Obligation to record working time for the employer

With the latest decision of the Federal Labour Court (Bundesarbeitsgericht, BAG) on the topic of “recording working time” of 13 September 2022 – 1 ABR 22/21 – Germany’s highest labour court has now established for the first time that an employer’s obligation to measure and record the working time of its employees follows from section 3, paragraph 2, no. 1 of the Labour Protection Act (Arbeitsschutzgesetz, ArbSchG). Since the ArbSchG is applicable to all employers regardless of sector and field of activity, this obligation will in future apply regardless of whether or not there is a works council. This follows from the recently published press release of the BAG.

The BAG has thus preceded the legislator in implementing the requirements of the European Working Time Directive 2003/88/EC and the related case law of the European Court of Justice (ECJ). The ECJ most recently specified these requirements in its much-discussed so-called “time clock decision” of 14 May 2019 (Case C-55/18). According to this decision, the employer is obliged to create reliable systems with which the daily working time worked by each employee can be measured, in compliance with the European Working Time Directive 2003/88/EC. Without such arrangements, neither the hours worked nor their distribution over time nor the number of overtime hours can be determined objectively and reliably.

According to the ECJ ruling, the legislator is obliged to create appropriate framework conditions that guarantee the recording of working time by the employer. Although with the introduction of the Minimum Wage Act (MiLoG) with section 17 (1) MiLoG in conjunction with section 2a (1) Illicit Labour Act (SchwarzArbG), there has already been an obligation since 2014 for employers in, for example, certain economic sectors or branches of the economy to record working time within one week and to keep these records for at least two years. This applies, for example, to employers in the construction industry (section 2a (1) (1) SchwarzArbG) and in the freight forwarding, transport and related logistics industry (section 2a, (1) (4) SchwarzArbG). However, the form in which the record must be kept is not specified. In case of violations, employers face a fine of up to EUR 30,000.00. Irrespective of this, according to section 16 (2) of the Working Hours Act (ArbZG), employers are obliged to record working hours in excess of the working day, irrespective of the industry.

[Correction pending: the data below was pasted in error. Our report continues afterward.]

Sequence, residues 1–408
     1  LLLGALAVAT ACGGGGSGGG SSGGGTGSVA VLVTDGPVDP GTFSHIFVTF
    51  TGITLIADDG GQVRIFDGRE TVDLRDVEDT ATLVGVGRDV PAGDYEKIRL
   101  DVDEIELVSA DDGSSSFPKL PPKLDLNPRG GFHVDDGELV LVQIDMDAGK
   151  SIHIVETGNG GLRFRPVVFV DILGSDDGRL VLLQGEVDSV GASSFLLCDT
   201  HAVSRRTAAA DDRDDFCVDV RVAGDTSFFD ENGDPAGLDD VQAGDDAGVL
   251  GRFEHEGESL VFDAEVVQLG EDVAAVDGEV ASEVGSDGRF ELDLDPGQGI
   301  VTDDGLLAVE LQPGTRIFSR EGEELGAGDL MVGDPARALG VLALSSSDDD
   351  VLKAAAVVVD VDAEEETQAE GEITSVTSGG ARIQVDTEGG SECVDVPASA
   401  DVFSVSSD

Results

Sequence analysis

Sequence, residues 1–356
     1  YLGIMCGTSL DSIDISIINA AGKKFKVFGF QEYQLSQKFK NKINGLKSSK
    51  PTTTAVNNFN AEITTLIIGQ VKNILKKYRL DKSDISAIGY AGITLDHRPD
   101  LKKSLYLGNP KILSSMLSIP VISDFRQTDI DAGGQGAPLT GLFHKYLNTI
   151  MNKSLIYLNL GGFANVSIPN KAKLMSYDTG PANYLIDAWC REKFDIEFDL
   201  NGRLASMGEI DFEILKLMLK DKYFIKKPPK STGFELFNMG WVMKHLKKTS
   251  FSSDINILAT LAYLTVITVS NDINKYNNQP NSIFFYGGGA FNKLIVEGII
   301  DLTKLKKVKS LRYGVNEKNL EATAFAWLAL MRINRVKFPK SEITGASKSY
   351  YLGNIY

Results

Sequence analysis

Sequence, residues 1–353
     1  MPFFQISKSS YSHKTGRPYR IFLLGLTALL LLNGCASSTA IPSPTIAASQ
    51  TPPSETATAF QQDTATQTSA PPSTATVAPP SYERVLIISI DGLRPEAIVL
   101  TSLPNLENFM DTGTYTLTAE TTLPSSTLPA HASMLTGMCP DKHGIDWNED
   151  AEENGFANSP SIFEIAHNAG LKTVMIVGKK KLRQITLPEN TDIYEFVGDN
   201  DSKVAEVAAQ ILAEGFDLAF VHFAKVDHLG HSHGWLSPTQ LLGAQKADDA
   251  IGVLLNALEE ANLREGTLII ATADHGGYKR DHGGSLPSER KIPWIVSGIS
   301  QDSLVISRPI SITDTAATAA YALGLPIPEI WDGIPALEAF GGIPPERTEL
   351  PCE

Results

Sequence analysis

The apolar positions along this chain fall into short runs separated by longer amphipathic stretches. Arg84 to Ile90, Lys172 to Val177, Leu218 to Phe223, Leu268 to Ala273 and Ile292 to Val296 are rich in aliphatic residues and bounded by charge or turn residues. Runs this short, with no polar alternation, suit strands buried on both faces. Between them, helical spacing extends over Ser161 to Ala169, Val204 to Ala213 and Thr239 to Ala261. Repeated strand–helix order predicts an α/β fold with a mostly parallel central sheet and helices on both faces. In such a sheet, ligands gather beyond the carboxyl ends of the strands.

In February 2022, the Federal Ministry of Labour and Social Affairs had presented a draft law in the course of the changes in the area of marginal employment, which, among other things, also provided for an amendment of section 17 (1) MiLoG. According to this, employers in the relevant economic sectors should now be obliged to record working time “electronically and in a tamper-proof manner”. This was intended to meet (at least in part) the demands made on the legislator by the „time clock decision“. However, the proposed amendments were not taken into account when the law was passed and thus did not come into force or will not come into force on 1 October 2022, as other provisions of the passed law did.

With its latest decision, the BAG has now clarified that, in principle, every employer must record the working hours of its employees in the future. What is new is that the BAG derives this obligation from section 3, paragraph 2, no. 1 of the ArbSchG. According to this, the employer must “ensure suitable organisation and provide the necessary means” to ensure health protection.

The background to the BAG decision was a dispute about the competences of a works council in the context of co-determination. Specifically, it concerned the introduction of a system for recording working time. Pursuant to section 87 (1) no. 6 of the Works Constitution Act (Betriebsverfassungsgesetz – BetrVG), the works council has a right of co-determination in the “introduction and use of technical equipment intended to monitor the behaviour or performance of employees”. In the underlying dispute, the works council had sought a declaration that it had a right of initiative to introduce an electronic time recording system. This has now been denied by the BAG. The BAG explained that the works council only has a right of co-determination if there is no statutory regulation. In the present case, however, such a regulation exists in the form of section 3 paragraph 2 no. 1 ArbSchG.

So far, only the press release and no detailed reasons for the decision are available. Only when this is the case will it be possible to assess whether any freedoms for the employer or exceptions to this obligation are conceivable.

If you have any further questions on the subject, our experts in labour law will be happy to assist you.